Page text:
Japan-China: PM Abe offers 'remorse' but no WW2 apology
Japanese Prime Minister Shinzo Abe has expressed "deep remorse" over his country's actions during World War Two, stopping short of the fresh apology demanded by Japan's neighbours.
Mr Abe was speaking at a summit in Indonesia, where he also met Chinese leader Xi Jinping.
His speech included a warning against mighty nations using "unchecked force" - an apparent reference to China.
Mr Abe has been accused of playing down Japan's wartime atrocities.
China and South Korea say he has pursued a "revisionist" approach to history, placing a further strain on ties already weakened by territorial disputes and regional rivalry.
A Chinese foreign ministry spokesman, quoted by the Associated Press news agency on Tuesday, said Japan should "squarely face and reflect on the history of aggression" and "gain trust" from its neighbours.
At the speech at the Asia-Africa summit in the Indonesian capital, Jakarta, Mr Abe said Japan felt "deep remorse over the past war" and promised to avoid aggression and settle international disputes peacefully.
The statement is unlikely to please China or South Korea, which have demanded a full apology from Japan over its military's conduct when it occupied their territory during the war.
Mr Abe's speech also warned against the "unchecked use of force by the mightier to twist the weaker around" - terms he has often used to describe China.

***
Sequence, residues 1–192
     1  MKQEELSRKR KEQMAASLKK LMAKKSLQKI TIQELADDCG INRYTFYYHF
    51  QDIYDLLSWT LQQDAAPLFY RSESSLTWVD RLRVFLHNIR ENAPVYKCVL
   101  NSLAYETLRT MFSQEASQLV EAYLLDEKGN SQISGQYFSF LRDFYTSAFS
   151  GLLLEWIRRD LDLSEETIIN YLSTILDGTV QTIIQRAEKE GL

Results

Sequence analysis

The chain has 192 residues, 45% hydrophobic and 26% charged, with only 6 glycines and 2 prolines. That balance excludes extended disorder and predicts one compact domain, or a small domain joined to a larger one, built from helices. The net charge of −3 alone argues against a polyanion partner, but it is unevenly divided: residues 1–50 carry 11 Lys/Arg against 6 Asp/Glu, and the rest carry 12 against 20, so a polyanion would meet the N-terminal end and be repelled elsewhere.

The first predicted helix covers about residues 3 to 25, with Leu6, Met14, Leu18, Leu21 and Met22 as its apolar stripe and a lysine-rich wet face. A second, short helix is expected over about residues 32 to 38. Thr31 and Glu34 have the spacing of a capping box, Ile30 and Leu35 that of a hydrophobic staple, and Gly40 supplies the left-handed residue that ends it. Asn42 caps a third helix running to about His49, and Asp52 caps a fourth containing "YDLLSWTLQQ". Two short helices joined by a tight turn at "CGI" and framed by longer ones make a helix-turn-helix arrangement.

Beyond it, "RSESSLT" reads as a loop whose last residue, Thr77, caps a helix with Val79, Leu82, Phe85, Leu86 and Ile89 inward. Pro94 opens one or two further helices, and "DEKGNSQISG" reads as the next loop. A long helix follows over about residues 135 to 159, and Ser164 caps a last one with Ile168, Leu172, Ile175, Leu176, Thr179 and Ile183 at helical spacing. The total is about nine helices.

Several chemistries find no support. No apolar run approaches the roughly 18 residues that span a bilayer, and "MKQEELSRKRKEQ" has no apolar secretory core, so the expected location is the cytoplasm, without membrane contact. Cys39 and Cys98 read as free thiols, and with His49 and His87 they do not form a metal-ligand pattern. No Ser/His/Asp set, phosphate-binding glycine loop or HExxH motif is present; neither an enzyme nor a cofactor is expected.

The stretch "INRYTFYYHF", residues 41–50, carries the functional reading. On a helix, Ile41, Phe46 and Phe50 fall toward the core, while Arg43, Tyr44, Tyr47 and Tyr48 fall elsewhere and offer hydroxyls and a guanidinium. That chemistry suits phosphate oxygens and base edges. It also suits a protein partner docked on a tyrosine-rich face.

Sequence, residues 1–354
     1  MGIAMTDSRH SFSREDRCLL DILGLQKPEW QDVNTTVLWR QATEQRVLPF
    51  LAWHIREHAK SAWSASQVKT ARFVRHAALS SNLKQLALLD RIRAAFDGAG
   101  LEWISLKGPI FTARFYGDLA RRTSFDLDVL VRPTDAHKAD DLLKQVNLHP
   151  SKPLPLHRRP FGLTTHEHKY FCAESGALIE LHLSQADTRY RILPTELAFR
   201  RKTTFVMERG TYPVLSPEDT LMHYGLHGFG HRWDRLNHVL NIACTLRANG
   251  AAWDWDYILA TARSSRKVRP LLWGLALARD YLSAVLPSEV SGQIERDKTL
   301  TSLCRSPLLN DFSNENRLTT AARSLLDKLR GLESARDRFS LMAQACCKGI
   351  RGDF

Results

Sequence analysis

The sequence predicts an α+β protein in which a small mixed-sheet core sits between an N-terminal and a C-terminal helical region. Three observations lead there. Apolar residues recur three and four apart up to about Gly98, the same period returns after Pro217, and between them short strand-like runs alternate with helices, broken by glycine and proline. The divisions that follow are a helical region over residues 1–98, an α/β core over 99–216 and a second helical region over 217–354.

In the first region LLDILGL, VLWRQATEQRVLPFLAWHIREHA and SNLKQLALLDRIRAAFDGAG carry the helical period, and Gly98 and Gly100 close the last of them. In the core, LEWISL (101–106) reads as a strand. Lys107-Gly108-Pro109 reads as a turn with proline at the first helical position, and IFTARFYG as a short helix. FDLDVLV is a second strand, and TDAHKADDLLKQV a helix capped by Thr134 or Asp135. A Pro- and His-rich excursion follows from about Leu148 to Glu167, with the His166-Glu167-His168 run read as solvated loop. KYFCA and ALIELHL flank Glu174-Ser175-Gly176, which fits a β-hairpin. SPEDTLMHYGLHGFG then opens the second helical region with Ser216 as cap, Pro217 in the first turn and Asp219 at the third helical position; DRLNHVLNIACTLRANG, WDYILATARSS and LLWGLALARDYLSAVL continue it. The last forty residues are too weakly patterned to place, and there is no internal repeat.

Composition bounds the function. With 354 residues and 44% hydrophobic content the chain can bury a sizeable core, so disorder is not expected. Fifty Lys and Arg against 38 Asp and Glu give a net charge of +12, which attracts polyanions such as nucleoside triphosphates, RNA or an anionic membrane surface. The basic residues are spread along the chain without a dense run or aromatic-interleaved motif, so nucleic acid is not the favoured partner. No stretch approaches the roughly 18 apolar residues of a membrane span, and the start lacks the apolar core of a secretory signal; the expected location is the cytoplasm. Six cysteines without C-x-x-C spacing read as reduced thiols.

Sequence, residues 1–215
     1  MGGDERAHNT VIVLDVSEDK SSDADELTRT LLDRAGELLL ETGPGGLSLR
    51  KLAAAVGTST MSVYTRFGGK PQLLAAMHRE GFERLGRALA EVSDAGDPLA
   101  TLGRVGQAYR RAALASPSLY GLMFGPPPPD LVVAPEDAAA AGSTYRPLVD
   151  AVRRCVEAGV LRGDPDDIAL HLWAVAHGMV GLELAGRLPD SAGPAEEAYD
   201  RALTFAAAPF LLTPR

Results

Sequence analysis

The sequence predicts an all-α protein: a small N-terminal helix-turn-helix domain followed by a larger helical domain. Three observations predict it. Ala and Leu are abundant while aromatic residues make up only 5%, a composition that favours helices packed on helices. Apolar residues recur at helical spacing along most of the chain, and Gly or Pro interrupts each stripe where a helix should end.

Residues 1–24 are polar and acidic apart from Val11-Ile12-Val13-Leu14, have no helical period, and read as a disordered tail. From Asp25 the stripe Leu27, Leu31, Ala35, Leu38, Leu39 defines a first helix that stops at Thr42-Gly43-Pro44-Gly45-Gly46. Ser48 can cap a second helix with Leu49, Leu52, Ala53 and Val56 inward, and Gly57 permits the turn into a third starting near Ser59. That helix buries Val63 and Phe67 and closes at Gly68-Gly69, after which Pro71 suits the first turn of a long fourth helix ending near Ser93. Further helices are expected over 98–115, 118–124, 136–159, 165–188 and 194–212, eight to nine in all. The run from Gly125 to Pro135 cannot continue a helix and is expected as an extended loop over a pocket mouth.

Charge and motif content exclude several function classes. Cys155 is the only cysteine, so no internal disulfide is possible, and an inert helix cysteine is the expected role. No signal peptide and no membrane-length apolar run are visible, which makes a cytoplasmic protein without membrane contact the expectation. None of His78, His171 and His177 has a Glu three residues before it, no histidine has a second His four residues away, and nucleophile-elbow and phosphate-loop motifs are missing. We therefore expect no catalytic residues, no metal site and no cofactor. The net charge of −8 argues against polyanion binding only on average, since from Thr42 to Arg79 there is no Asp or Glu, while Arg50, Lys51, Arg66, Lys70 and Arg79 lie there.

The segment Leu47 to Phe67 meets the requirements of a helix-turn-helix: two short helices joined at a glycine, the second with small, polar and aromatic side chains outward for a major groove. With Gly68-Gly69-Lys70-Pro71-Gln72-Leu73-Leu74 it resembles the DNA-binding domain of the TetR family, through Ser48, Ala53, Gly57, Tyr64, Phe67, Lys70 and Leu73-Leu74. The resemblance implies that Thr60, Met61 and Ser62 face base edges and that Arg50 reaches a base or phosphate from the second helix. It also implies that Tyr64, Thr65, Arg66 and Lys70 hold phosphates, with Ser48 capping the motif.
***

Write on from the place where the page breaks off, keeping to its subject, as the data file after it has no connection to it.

"The rule of law should protect the dignity of sovereign nations, be they large or small," he said, speaking after Mr Xi.
Mr Xi and Mr Abe met on the sidelines of the summit later on Wednesday, raising hopes of warming ties between the two nations.
The meeting, which lasted almost 30 minutes, was only the second time the two men have held talks. The first was after an awkward handshake at a summit in Beijing late last year.
The Japanese leader's stance on WW2 is under close scrutiny this year, the 70th anniversary of the end of the conflict.
He has said he will uphold past apologies by Japan but also intends to make fresh remarks of his own - leading some to fear that he may revise previous acknowledgements of guilt.
Next week, Mr Abe is due visit the United States, where he will become the first Japanese leader to address a joint session of Congress.
He is also expected to pay his respects at a memorial to US soldiers killed during WW2 - many of them by Japanese forces.
The move will seek to soothe growing criticism that he has failed to face up to Japan's wartime past.